KPMG has welcomed the release of the International Integrated Reporting Council’s (IIRC) Draft Integrated Reporting Framework 2013, claiming it represents a significant step towards reporting business value.
The highly anticipated framework was released on 16 April and is being perceived as a new chapter in corporate reporting. It outlines the fundamental concepts of integrated reporting, guiding principles and elements such as organisational review, opportunities and risks, strategy, performance and future outlook.
According to the IIRC, the framework will help companies in the process of integrated reporting to communicate a full range of factors materially affecting the ability of an organisation to create value over time, drawing together other reporting strands. It is also designed to inform how financial capital is allocated to support short, medium and long term value as well as enhance accountability and stewardship.
While some questions have been raised around how much is too much information, KPMG International deputy chairman, Alan Buckle, applauded the work of the IIRC and urged regulators, investors and governments to get behind the change in business reporting in order to ensure future financial stability.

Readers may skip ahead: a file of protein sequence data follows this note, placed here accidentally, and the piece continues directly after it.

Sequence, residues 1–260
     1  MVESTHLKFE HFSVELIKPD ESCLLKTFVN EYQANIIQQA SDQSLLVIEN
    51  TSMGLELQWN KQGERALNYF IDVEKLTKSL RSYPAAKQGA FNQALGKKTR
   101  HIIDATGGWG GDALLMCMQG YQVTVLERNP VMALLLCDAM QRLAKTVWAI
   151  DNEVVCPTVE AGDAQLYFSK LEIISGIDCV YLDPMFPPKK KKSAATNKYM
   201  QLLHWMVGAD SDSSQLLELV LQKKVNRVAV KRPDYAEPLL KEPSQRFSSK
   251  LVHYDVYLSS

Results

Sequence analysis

However KPMG called on the IIRC to better address the many different interpretations of integrated reporting used in the market today. It also hoped the final version of the framework will tackle any risks in misinterpretation to ensure reports stay focused, and help readers understand how a business’ earnings potential has been developed and protected.
While the integrated report was useful, KPMG also expected companies to find integrated reporting most interesting as a means to improve their existing narrative reporting.
“Integrated reporting provides an opportunity to re-align corporate reporting with investor decision-making,” KPMG Australia’s Better Business Reporting Group leaders, Michael Bray, said. “It is an opportunity to shift the reporting focus from short-term financial performance to long-term value creation.”
The World Business Council for Sustainable Development is also urging CFOs, investor relations and board members to understand what integrated reporting is and look to improve the linkage between strategic intent and performance. It claims the framework is set to challenge the status quo of value creation and transparency in reporting.
“Financial capital is disproportionate in the way in which a company is value,” its president and deputy chair of the IIRC, Peter Bakker, said. “Social and environmental impacts are not recognised to the extent they need to be in investment and capital allocation decisions. This is short sighted.”
The IIRC is accepting comments on the draft framework until 15 July and will make all submissions public on the iirc.org website.